Former premier Yu Shyi-kun on Wednesday said that Taiwan should not get involved in US-China relations and should instead ask Washington to stick to the 1979 Taiwan Relations Act and its “six assurances” to Taiwan.
“The ‘one China’ policy is the US’ policy, not Taiwan’s,” Yu said at a news conference in Washington. “We expect the US to fully implement the Taiwan Relations Act and the ‘six assurances.’”
He was responding to questions about a debate in the US about its “one China” policy as US president-elect Donald Trump prepares to take office later today.
Yu also called on Beijing not to be “stingy” and to “act like a big country,” in response to Chinese Ministry of Foreign Affairs spokeswoman Hua Chunying’s (華春瑩) remarks on Wednesday urging “relevant parties in the US to allow no delegation sent by the Taiwan authority to attend the inauguration ceremony of the president, and not to have any official contact with Taiwan.”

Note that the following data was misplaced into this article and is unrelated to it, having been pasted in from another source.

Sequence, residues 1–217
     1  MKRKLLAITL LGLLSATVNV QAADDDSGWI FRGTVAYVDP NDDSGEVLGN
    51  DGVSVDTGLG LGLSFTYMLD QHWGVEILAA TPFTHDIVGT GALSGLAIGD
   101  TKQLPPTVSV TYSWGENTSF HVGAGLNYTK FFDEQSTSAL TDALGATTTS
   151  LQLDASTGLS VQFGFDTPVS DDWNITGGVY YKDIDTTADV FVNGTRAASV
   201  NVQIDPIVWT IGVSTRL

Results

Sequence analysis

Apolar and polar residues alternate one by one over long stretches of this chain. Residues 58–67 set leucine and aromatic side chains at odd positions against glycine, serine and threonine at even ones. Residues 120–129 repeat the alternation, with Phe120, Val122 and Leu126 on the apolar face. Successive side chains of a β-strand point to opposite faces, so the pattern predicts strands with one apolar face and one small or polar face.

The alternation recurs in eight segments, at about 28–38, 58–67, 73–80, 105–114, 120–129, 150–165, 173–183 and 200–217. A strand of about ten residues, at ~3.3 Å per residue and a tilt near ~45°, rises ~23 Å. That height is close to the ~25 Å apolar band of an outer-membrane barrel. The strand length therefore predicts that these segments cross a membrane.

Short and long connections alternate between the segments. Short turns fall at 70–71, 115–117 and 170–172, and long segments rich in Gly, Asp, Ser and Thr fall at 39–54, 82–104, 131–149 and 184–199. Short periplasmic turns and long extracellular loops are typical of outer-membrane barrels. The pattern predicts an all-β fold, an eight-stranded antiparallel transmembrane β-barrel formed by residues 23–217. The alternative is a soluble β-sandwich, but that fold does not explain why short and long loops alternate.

Yu arrived in Washington late on Tuesday at the head of Taiwan’s delegation to the Trump inauguration.
The policy direction of the incoming Trump administration remains to be seen, even though President Tsai Ing-wen’s (蔡英文) telephone call to Trump early last month was helpful to Taiwan’s international profile, Yu said to reporters at Twin Oaks, the residence of former Republic of China ambassadors to the US until Jan. 1, 1979.
On that date, the administration of then-US president Jimmy Carter formally established diplomatic relations with the People’s Republic of China and severed official ties with Taiwan.
The US Congress passed the Taiwan Relations Act in April that year to govern unofficial relations with Taiwan, including provisions that stipulate that the US should provide defensive weapons to Taiwan.
In 1982, then-US president Ronald Reagan conveyed the “six assurances” to Taiwan, promising not to set a date to end arms sales to Taiwan and not to force Taiwan to enter into negotiations with China, among other things.
Also on Wednesday, Yu and other members of the delegation called on members of Congress, including US representatives Ed Royce and Mo Brooks.
Yu’s delegation consists of lawmakers and other politicians from major political parties, including Taichung Mayor Lin Chia-lung (林佳龍), Democratic Progressive Party Legislator Chen Ting-fei (陳亭妃), Chinese Nationalist Party (KMT) Legislator Ko Chih-en (柯志恩), New Power Party Legislator Freddy Lim (林昶佐) and People First Party Legislator Chen Yi-chieh (陳怡潔).
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